Russian Exports May Suffer From Production Cut

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Russia will apparently slash exports of Urals in March as part its plan to cut crude oil production by 500,000 barrels per day. The prevalent opinion has been that Moscow would bolster exports and reduce deliveries to refineries, but new information suggests it will do the opposite, at least for the month of March. Seaborne exports of Urals from Western ports could decline by some 25% next month, or 500,000 b/d to 1.5 million b/d, according to a report by Reuters citing industry officials, while preliminary refining schedules seen by Energy Intelligence indicate that Russia’s oil majors will maintain high throughput levels through March. Moscow appears to believe that curtailing supplies to the global market will buoy prices for Urals, the flagship export grade that remains heavily discounted at about $35 per barrel to Brent. Post-EU embargo, the vast majority of these barrels go to India and China, who have been attracted by the steep discounts and may now have to bid up cargoes. Russia’s seaborne exports from the Far East, or about 1 million b/d, will not be affected in March, according to the report. Refineries, meanwhile, want to take advantage of the last month of generous subsidies for domestic motor fuel sales before spring maintenance and a reduction in throughput. February runs are near 5.8 million b/d, or 350,000 b/d more than last year’s average, and preliminary crude delivery schedules for March show that this level will hold, if not rise.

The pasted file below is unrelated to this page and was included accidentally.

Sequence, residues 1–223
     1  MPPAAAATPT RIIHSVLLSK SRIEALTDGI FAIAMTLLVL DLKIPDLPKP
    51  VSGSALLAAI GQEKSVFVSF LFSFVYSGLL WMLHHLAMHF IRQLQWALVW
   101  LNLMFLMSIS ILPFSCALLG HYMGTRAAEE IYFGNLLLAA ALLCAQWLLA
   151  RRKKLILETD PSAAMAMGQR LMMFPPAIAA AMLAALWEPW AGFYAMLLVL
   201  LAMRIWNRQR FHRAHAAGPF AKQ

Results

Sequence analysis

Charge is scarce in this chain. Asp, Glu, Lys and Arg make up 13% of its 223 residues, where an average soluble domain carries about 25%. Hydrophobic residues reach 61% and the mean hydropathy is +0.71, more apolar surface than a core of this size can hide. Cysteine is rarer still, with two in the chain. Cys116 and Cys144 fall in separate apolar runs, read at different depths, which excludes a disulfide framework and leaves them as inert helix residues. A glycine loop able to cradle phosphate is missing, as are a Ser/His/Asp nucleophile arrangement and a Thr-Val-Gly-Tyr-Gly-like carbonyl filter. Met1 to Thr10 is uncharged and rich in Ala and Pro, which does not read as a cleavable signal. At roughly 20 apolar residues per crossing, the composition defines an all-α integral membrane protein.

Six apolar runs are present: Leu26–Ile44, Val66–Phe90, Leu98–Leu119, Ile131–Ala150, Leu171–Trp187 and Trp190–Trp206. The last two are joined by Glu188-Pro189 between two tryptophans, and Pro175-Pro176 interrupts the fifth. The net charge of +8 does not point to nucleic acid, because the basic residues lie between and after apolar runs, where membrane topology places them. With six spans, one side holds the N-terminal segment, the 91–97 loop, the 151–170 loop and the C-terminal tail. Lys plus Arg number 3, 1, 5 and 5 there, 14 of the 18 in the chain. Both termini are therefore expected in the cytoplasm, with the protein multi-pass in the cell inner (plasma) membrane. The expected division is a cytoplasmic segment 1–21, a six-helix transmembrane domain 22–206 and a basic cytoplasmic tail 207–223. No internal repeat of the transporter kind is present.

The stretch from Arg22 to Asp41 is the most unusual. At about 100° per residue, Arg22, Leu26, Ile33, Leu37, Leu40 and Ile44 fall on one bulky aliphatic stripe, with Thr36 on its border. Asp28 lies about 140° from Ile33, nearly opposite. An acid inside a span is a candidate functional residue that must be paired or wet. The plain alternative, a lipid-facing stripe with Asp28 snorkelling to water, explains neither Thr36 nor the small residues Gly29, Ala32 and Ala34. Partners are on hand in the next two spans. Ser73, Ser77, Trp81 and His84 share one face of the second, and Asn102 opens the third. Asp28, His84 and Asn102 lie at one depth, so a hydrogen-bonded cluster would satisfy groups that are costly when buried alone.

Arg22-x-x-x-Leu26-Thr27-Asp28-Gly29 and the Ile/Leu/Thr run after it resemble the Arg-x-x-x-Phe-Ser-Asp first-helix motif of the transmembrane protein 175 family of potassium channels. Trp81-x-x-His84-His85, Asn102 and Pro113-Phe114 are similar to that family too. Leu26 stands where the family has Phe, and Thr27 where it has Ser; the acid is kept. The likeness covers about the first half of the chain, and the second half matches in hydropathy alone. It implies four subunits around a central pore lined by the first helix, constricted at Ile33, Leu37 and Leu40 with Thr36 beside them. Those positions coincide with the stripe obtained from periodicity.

Oil Trade, Oil Supply, Crude Oil, Oil Products, Oil Tankers, Sanctions, Ukraine Crisis
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